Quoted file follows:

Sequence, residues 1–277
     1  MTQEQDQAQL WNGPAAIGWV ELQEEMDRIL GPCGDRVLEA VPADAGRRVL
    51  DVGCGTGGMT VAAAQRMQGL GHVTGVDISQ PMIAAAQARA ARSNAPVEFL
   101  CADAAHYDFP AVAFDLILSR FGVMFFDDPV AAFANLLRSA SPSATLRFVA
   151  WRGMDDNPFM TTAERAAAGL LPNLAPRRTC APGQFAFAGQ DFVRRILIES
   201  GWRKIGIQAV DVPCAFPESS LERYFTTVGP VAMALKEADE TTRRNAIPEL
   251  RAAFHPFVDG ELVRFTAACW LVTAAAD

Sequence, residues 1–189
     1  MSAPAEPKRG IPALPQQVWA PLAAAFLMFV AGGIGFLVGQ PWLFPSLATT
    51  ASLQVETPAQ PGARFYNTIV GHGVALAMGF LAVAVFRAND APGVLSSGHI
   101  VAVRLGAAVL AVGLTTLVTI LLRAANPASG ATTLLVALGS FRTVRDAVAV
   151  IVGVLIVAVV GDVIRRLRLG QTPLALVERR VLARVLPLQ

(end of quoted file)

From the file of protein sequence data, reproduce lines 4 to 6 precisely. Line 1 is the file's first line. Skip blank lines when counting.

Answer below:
   101  CADAAHYDFP AVAFDLILSR FGVMFFDDPV AAFANLLRSA SPSATLRFVA
   151  WRGMDDNPFM TTAERAAAGL LPNLAPRRTC APGQFAFAGQ DFVRRILIES
   201  GWRKIGIQAV DVPCAFPESS LERYFTTVGP VAMALKEADE TTRRNAIPEL